In January 2017, our team of 150 GitLabbers from around the world!
GitLab recognizes that to build a diversity initiative that resonates for our organization, we need to redefine it in a way that embodies our values and reinforces our global workforce. We also know that many diversity programs fail. Rather than focusing on building diversity as a collection of activities, data, and metrics, we're choosing to build and institutionalize a culture that is inclusive and supports all employees equally to achieve their professional goals. We will refer to this intentional culture curation as inclusion and development (i & d).
We have also recorded a training on this subject:
Please see our identity data
We have 100% remote team which means our candidates are not limited by geography – Our door, if you will, is open to everyone and we champion this approach, to the extent that it’s possible, for all companies.
Another practice we employ is to ask GitLab candidates to work on reviewing and writing some code as a part of our hiring process. This allows people who may not stand out well on paper - which is what the hiring process traditionally depends on - to really show us what they can do and how they approach reviews. For us, that’s proven more valuable than where an candidate studied or has worked before.
One of our biggest initiatives is the GitLab Diversity Sponsorship program. This is a sponsorship opportunity we offer to any “diversity in tech” event globally. We offer funds to help support the event financially and, if the event is in a city we have a GitLab team member, we get hands-on by offering to coach and/or give a talk whenever possible.
In addition, the very nature of our company is meant to facilitate inclusion. We believe in asynchronous communication where possible which enables our teammates to have flexibility in the hours and locations from which they work. The no-ask vacation time also contributes to making it easier to combine work with other obligations and activities, whether that be volunteering with inner city youth, helping your kids with homework, going to the gym or a variety of other activities.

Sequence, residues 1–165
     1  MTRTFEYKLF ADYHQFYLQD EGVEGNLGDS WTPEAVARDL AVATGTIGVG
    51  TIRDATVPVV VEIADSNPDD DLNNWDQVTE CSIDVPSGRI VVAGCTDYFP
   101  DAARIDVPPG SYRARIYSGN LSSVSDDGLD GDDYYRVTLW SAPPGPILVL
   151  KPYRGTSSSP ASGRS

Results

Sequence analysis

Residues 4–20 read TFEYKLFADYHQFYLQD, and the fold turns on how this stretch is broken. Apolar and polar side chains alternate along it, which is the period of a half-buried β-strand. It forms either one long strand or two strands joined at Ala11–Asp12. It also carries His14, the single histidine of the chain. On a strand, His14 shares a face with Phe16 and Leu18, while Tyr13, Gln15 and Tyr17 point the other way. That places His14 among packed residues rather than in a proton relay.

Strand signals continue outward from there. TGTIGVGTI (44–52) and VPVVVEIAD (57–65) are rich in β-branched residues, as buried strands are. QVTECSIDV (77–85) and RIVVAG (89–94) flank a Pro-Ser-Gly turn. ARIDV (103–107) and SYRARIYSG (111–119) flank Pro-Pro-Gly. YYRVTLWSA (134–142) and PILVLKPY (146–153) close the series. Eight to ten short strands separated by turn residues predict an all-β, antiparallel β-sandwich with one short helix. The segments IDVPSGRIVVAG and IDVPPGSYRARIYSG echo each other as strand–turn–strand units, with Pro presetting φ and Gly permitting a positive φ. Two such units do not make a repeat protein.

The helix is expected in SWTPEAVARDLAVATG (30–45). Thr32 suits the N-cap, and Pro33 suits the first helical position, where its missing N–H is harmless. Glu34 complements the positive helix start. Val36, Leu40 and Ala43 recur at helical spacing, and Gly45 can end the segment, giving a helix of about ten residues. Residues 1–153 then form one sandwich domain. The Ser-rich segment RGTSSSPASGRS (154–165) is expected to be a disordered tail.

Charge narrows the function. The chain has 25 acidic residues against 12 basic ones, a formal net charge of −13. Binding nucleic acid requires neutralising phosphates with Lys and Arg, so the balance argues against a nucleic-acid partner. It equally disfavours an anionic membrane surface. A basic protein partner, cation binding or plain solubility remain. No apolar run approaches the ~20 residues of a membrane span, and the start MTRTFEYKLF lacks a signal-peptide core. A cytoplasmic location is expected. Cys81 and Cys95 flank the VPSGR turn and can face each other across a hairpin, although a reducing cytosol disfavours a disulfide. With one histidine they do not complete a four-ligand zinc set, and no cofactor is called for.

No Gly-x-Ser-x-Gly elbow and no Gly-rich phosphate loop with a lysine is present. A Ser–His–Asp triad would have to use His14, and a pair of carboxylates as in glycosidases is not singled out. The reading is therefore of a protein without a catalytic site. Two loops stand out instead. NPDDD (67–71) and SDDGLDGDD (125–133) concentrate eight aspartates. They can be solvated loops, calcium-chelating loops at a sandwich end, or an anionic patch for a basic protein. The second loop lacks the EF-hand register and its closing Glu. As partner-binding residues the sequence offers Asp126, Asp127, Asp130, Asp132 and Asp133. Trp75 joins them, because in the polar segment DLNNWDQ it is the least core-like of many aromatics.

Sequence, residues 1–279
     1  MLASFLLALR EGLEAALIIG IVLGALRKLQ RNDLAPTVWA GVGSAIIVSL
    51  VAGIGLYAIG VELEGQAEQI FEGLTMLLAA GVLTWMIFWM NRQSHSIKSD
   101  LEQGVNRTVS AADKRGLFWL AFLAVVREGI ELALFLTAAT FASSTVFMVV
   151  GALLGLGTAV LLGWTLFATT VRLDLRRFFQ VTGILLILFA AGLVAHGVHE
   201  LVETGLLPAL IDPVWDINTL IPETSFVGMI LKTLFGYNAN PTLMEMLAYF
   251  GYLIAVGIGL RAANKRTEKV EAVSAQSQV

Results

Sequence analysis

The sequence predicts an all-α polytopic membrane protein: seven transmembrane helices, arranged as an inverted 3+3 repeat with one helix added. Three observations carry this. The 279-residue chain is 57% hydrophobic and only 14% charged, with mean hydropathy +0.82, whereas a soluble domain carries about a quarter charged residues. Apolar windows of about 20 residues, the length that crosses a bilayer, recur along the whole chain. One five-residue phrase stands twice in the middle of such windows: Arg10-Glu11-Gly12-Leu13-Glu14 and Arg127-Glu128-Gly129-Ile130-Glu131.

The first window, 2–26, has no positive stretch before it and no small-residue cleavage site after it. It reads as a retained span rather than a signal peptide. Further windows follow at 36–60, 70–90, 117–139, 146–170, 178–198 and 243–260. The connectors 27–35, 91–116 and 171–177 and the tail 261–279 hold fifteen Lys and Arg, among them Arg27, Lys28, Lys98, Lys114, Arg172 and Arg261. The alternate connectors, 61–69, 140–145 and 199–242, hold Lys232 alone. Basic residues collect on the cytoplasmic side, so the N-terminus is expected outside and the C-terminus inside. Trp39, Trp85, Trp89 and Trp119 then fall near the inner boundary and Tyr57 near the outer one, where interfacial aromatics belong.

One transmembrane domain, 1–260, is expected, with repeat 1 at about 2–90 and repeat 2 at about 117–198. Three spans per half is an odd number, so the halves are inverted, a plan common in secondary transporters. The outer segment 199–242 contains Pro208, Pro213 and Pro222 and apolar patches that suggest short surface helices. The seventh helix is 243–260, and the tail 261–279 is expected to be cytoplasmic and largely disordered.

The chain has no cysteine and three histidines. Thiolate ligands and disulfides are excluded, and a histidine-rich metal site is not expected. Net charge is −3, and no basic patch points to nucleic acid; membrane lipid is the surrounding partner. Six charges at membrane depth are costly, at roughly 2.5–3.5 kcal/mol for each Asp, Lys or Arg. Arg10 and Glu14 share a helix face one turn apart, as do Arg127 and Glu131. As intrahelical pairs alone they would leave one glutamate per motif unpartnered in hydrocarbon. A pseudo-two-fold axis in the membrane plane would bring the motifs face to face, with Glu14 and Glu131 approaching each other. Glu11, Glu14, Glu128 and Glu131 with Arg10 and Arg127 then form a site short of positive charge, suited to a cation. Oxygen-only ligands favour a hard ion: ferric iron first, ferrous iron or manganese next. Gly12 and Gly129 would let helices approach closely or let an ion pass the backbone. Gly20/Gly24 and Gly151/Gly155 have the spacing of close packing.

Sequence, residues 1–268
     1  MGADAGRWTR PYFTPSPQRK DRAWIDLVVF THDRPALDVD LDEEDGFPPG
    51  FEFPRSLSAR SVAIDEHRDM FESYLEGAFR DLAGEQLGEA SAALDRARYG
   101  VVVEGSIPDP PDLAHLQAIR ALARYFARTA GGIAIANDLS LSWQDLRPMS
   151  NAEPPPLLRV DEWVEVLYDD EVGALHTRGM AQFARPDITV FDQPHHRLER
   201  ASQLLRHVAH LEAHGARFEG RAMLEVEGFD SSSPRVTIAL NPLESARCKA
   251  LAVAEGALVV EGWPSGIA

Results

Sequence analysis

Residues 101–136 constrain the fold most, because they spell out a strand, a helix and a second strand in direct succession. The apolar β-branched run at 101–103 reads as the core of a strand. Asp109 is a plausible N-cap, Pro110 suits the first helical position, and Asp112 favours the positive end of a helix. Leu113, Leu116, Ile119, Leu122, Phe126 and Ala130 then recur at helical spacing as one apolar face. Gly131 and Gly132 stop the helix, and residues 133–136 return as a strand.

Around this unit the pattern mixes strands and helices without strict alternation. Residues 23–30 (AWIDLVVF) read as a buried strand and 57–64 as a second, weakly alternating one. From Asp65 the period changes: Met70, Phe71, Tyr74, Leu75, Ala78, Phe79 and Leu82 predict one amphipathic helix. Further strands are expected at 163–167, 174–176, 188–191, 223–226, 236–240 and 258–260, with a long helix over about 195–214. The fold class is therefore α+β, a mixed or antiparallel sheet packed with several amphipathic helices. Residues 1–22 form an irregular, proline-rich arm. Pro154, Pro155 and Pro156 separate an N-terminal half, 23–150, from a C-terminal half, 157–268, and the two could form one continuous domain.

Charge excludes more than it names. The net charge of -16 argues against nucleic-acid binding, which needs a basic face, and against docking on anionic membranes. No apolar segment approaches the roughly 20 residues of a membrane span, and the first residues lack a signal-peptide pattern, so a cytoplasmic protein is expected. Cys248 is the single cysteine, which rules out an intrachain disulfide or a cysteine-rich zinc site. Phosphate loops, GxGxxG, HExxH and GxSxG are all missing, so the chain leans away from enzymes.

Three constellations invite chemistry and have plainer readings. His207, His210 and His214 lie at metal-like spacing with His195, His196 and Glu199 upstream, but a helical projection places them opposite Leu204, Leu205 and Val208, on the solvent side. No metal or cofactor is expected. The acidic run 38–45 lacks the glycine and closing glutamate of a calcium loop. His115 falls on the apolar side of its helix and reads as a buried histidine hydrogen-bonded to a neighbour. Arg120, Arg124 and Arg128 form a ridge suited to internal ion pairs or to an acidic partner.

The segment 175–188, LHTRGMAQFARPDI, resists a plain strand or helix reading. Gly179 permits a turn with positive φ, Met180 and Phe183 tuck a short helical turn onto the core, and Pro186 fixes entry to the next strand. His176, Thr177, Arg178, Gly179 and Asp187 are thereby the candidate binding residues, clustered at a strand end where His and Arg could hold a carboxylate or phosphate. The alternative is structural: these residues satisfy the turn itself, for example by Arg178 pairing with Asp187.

We want to encourage and support diversity on our team and in our hiring practices, so we will offer a $2000 referral bonus for hires from underrepresented groups in the tech industry for engineering roles at GitLab. This underrepresented group is defined as: women, African-Americans, Hispanic-Americans/Latinos, and veterans.
In our general guidelines we list: 'Use inclusive language. For example, don't use "Hi guys" but use "Hi everybody", "Hi people", or "Y'all". And speak about courage instead of aggression. Also see the note in the management section of the leadership page to avoid military analogies.
As part of our interviewing process we list: "The candidate should be interviewed by at least one female GitLab team member. The GitLab team understands the importance of Inclusive interviewing. We thrive to ensure our hiring team is well versed in every aspect of Diversity, Inclusion and Cultural competence. A positive and comfortable candidate experience is priority."
To be truly inclusive is to be aware of your own ingrained biases as well as strategies for blunting the effects of those biases. As part of our inclusivity efforts we recommend everyone to partake in the Harvard project Implicit test which focusses in on the hidden causes of everyday discrimination.
Salesforce Equality at Work Training. To earn badges and save your responses, you'll need to sign up! Use your GitLab address to sign in using Google+.
We recognize that having an inclusive organization is never done. If you work at GitLab please join our #inclusion chat channel. If you don't work for us please email firstname.lastname@example.org with suggestions and concerns.